The pentagon is worried about water.
A 2012 National Security Assessment called climate change-induced water shortages the greatest threat to global security. The report warned of impacts on food and energy production, which would lead to political instability and mass migrations as water conflicts erupt between farmers and city dwellers, ethnic groups, and upstream and downstream users of the same river. Drought-related fire hazards and dust storms could hamper military operations and damage sensitive equipment.
Diminishing aquifers and reservoirs have already left one in seven people on the planet without safe drinking water. Drought was so bad last year in the Brazilian city of São Paulo—home to 20 million people—that city officials nearly restricted water access to just two days a week and residents drilled through basement floors in an attempt to access groundwater. In United Arab Emirates, the government is investing in desalinization plants because it lacks fresh water. Crown prince General Sheikh Mohammed bin Zayed al-Nahyan last year admitted to The Guardian, “For us, water is more important than oil.”
Events forewarned in the security assessment are already happening right here in the United States. Although it was recently pummeled by downpours, California is still feeling the repercussions of a severe, four-year drought—something this year’s El Niño rains likely won’t be sufficient to overcome. 2013 was the driest year since the state began recording rainfall in 1849; studies of old-growth tree rings indicate that it was the driest in 500 years. Wells are running dry. Reservoirs are at just 30-percent capacity. And the already stressed Colorado River, which supplies water for tens of millions of people, is experiencing reduced water flow.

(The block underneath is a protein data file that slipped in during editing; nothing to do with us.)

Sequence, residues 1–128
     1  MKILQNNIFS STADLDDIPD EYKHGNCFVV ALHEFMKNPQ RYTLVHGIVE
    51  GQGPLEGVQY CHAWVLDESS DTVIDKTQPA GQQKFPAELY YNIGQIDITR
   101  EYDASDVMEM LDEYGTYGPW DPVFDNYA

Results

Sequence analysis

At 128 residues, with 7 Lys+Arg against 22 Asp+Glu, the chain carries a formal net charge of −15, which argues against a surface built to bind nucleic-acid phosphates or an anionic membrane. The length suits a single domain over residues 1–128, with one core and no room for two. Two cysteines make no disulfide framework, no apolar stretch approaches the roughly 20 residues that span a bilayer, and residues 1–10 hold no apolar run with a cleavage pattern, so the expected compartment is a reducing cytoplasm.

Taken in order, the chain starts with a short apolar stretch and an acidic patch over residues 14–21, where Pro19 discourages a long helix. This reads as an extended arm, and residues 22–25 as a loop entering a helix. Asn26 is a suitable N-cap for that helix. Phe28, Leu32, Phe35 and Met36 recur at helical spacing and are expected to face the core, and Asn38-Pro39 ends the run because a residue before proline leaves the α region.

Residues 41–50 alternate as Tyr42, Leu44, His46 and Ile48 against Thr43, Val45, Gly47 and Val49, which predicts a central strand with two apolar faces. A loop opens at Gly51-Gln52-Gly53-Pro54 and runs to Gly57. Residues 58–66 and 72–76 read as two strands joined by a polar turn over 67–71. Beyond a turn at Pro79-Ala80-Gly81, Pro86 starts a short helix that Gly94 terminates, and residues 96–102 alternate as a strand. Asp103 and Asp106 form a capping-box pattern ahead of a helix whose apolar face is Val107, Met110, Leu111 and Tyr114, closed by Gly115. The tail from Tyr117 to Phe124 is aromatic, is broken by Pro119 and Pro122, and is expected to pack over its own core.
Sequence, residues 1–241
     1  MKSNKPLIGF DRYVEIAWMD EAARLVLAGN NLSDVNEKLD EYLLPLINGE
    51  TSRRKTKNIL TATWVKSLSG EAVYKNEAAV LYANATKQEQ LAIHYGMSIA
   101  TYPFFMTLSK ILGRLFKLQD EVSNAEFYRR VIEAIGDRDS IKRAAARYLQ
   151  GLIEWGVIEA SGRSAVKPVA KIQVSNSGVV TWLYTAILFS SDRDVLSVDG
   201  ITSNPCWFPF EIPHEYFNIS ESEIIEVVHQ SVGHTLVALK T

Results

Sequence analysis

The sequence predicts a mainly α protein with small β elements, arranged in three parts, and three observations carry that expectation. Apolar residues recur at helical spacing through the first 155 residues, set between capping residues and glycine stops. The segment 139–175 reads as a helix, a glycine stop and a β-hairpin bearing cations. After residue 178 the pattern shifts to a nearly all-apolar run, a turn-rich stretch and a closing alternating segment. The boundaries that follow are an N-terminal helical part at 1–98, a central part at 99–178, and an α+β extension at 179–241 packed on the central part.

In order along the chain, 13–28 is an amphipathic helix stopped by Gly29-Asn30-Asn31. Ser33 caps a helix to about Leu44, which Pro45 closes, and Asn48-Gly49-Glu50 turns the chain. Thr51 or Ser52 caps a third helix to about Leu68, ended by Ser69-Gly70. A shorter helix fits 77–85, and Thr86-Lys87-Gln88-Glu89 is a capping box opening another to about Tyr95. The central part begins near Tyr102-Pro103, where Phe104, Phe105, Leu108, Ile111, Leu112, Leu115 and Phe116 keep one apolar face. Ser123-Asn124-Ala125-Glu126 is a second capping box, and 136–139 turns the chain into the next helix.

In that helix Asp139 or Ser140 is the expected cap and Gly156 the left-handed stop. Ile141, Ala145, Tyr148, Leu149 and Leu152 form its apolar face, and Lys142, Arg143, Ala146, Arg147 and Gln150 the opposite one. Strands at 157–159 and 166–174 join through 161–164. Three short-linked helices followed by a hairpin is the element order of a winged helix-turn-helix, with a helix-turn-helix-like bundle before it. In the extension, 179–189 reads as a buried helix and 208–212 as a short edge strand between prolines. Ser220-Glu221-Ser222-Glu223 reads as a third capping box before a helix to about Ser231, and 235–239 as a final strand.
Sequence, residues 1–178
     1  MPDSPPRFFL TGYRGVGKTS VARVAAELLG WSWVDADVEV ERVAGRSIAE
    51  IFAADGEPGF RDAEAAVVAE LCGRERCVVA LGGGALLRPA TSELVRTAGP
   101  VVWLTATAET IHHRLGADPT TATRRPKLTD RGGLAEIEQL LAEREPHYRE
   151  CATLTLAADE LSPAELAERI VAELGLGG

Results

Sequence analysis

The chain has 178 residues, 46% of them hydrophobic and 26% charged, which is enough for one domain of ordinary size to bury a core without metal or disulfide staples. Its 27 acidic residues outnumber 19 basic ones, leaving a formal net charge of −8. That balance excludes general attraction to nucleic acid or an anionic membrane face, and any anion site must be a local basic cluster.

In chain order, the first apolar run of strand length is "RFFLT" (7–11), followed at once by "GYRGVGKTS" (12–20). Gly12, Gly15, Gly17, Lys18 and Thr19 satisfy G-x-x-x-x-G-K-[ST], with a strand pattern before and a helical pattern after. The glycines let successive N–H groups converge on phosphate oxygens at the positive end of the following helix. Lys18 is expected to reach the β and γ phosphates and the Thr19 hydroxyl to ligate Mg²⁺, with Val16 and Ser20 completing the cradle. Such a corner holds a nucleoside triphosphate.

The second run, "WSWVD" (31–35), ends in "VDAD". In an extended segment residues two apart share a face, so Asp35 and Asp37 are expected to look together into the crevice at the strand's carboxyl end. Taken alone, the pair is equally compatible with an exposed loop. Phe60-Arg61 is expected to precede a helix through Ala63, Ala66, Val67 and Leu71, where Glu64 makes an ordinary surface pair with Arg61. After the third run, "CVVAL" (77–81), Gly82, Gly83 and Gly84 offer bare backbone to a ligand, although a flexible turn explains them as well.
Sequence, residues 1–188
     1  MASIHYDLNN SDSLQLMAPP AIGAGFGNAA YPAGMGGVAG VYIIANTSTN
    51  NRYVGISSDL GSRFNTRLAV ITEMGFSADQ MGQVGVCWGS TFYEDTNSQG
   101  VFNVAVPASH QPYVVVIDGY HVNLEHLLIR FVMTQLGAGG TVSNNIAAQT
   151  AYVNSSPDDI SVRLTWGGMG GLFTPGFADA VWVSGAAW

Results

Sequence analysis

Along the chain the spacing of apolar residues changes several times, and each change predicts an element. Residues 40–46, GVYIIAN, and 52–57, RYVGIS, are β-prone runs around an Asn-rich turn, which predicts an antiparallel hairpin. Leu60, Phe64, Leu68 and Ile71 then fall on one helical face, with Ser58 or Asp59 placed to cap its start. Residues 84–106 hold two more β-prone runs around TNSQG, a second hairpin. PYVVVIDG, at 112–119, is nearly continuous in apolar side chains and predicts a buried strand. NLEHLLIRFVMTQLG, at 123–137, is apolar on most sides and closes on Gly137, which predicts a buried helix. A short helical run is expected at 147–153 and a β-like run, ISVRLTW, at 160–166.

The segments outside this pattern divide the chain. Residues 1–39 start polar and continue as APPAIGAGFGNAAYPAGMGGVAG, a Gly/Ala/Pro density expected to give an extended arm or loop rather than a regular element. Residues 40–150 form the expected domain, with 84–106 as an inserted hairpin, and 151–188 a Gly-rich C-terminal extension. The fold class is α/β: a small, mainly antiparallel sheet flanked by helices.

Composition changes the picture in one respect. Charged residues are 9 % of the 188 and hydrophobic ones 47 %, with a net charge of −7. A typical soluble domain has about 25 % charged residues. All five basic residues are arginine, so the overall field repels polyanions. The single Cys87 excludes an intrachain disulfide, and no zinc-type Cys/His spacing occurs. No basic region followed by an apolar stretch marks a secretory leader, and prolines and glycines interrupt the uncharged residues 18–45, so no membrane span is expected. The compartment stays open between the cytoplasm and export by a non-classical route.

— Jerry Brown (@JerryBrownGov) April 2, 2015
The sustained drought prompted California Governor Jerry Brown to declare a statewide water emergency and introduce severe, mandatory cuts in water use. The executive order requires statewide savings to average 25 percent. Because the cuts are apportioned based on the volume of water used, some municipalities must reduce their water consumption by as much as 36 percent.
As the Pentagon predicted, shortages and restrictions are causing strife within the state. The needs of city dwellers are being pitted against those of agricultural interests in the Central Valley. Environmentalists are battling both groups in an effort to preserve wild habitats. And interstate disputes have erupted over water allocations along the Colorado River.
So, what does this all mean for beer?
The nation’s brewery count has hit an all-time high of over 4,100, and with breweries opening at the rate of two per day, there is no end in sight to this unprecedented growth spurt. Between brewhouse use and the needs of agriculture to supply raw materials, brewing is a water-intensive industry. If water shortages such as those being experienced in California become the norm, it will unavoidably impact the United States’ burgeoning beer industry.
Beer is 90- to- 95-percent water. Water is used in every step of the brewing process; only a small amount actually makes it into the package. Inside the average brewhouse, it takes seven gallons of water to produce one gallon of beer. At less efficient breweries, the ratio can go as high as 10 to one. Cleaning uses the most water—three to eight gallons per gallon of beer—and additional water is needed for cooling and packaging. Much of the water used in breweries is lost to evaporation or is simply sent down the drain.
The tension between water supply and demand is already impacting brewers in drought-stricken California, which has more craft breweries than any other state—over 600, with another 250 in the works. Together, they produce 3.5 million barrels of beer. Assuming the average seven-to-one ratio, that amounts to 24.5 million gallons of water used. Granted, that’s a drop in the bucket compared to the 1.1 trillion gallons used by the California almond industry. But in a time of scarcity, it is still a lot of water.
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